Text and photos by Amar Guriro
KARACHI: The de-silting work of the Reservoir Branch, a canal that connects Haleji Lake with Indus River, has finally been completed. The work was initiated in April this year. Mounds of silt that had almost chocked the canal, weeds and heaps of woods that had piled up during the last eleven years, have been removed.
But still the authorities concerned need to replace the rusted wheels, which are used to move the gates of the regulator just beside the lake. The irrigation authorities have also released water for Haleji after long pause, following which environmentalists hope that the lake, which was suffering from acute water shortage, would be restored.
The Haleji Lake is one of the biggest freshwater lakes of the country and is a wildlife sanctuary.
This Ramsar site, which was once known as a birdwatcher’s paradise, is suffering from pollution, especially the industrial waste that fall into its water.
Haleji Lake was once the biggest and the only reservoir to fulfill the drinking water requirements of Pakistan’s biggest city, Karachi, but after a scuffle between Sindh Wildlife Department and the Karachi Water and Sewerage Board, the water board had started siphoning water from Gujjo minor as an alternate source. But despite that Haleji is the biggest alternate water reservoir for Karachi.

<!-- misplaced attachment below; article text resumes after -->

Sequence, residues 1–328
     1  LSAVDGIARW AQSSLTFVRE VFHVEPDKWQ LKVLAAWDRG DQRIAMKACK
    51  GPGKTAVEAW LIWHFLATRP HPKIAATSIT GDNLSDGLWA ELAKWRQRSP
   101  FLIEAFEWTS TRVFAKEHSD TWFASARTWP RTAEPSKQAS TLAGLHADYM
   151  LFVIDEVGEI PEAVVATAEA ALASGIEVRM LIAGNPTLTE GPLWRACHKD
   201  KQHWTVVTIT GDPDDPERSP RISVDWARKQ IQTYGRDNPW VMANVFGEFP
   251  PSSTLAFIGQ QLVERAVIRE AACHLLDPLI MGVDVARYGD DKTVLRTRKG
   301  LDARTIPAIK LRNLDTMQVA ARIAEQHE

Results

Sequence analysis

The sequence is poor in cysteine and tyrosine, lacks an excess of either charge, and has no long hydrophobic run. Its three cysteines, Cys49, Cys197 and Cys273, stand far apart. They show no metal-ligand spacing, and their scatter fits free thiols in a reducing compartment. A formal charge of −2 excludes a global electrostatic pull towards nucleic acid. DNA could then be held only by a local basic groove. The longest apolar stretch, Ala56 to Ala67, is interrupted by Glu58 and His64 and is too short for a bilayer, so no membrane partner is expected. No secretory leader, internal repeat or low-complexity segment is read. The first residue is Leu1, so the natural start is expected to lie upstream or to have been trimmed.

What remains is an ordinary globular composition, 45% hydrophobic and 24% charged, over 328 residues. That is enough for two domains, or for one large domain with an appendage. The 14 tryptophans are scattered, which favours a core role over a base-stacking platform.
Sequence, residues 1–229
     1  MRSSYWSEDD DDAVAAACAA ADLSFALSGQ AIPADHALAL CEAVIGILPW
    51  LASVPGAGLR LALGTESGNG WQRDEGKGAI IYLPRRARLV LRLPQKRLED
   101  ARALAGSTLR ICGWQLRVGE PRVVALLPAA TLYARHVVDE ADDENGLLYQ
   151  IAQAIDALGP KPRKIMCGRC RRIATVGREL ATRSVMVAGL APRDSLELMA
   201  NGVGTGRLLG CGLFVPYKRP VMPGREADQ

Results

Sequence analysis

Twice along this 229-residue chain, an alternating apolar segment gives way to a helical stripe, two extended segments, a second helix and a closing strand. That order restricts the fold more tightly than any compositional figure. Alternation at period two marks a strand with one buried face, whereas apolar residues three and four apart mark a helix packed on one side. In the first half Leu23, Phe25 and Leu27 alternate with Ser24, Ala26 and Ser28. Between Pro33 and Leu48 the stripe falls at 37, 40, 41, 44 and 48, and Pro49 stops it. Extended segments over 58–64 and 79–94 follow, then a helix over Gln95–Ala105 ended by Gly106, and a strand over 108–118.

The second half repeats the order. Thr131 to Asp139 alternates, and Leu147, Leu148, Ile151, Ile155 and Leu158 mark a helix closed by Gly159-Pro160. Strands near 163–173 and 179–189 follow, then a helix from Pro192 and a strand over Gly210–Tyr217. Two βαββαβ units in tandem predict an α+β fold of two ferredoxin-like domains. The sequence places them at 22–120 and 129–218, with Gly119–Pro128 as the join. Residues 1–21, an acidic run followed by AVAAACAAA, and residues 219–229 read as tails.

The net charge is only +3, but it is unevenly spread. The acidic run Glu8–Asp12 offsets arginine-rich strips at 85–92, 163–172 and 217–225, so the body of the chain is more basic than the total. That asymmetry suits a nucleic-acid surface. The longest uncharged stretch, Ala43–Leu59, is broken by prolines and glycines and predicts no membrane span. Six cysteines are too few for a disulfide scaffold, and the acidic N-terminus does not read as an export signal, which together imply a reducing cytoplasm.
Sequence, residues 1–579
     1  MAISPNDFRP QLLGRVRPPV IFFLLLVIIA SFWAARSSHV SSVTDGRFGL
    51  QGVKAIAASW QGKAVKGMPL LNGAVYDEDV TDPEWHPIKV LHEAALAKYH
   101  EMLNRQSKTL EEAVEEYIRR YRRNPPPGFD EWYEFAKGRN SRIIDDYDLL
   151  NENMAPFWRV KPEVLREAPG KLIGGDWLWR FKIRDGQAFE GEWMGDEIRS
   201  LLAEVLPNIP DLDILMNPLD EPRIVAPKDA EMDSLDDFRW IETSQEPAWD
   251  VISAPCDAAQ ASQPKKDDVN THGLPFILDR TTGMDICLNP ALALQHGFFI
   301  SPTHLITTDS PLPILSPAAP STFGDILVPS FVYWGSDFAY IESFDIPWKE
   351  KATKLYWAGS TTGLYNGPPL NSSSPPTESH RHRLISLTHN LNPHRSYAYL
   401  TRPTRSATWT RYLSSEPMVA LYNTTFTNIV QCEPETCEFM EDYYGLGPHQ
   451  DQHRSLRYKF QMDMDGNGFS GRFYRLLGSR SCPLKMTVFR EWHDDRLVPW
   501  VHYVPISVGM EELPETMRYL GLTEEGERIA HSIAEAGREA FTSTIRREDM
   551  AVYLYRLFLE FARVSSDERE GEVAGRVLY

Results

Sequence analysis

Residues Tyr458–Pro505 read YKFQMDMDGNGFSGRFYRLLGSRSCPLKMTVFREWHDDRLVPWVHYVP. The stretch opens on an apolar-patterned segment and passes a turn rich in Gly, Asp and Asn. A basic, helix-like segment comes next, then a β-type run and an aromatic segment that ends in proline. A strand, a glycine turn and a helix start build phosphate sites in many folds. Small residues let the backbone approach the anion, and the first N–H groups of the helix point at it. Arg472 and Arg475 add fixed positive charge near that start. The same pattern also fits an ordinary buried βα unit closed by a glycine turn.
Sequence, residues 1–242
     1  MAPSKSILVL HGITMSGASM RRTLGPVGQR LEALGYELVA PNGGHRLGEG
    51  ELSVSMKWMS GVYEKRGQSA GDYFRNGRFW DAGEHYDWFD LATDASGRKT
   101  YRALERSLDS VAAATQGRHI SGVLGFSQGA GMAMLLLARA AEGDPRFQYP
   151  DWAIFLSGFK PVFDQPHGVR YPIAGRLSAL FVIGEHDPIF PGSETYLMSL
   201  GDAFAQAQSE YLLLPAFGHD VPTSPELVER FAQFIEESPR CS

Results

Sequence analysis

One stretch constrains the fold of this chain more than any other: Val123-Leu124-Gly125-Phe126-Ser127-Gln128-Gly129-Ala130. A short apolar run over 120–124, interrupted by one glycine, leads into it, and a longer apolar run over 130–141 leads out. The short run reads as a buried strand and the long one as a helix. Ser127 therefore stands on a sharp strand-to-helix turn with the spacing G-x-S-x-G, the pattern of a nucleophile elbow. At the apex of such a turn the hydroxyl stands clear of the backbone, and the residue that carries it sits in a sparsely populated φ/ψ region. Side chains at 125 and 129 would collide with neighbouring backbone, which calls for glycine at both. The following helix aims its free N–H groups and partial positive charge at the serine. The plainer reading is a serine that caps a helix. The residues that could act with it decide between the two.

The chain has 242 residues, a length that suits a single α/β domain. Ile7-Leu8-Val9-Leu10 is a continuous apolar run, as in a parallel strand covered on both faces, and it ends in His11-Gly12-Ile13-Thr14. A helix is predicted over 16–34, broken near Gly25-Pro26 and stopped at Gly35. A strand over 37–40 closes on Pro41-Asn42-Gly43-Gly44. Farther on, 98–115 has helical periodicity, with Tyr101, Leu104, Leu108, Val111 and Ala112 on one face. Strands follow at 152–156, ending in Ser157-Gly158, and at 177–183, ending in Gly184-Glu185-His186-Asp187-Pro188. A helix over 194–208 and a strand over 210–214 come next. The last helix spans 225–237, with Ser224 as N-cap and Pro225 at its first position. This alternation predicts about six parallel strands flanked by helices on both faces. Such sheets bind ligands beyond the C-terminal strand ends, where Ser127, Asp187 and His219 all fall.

The KWSB’s official record reveals that in the past, the Haleji Lake canal was taking about 2,200 cusecs from the Keenjhar Lake, but due to the tussle between the irrigation and wildlife departments, the water was not released for many years.
The history of Haleji Lake reveals that during the British rule, the British government had established this lake artificially to facilitate its troops stationed in the city during World War II.
Since then it became a permanent drinking water source for Karachi. A large number of migratory birds from Siberia, Russia and other cold countries used to flock to this beautiful lake. Since the irrigation department stopped providing water to Haleji Lake, silt had amassed in most parts of the canal that connect the lake with the Indus River, but in April 2009, the authorities concerned initiated the de-silting work.
The lake also faces a threat in the form of the Water and Power Development Authority’s ongoing mega project, the Right Bank Outfall Drain Phase-III, that passes just beside the lake and experts say the freshwater reservoir would be destroyed if the waste flowing in the drain seeps into the lake.
Saturday, October 03, 2009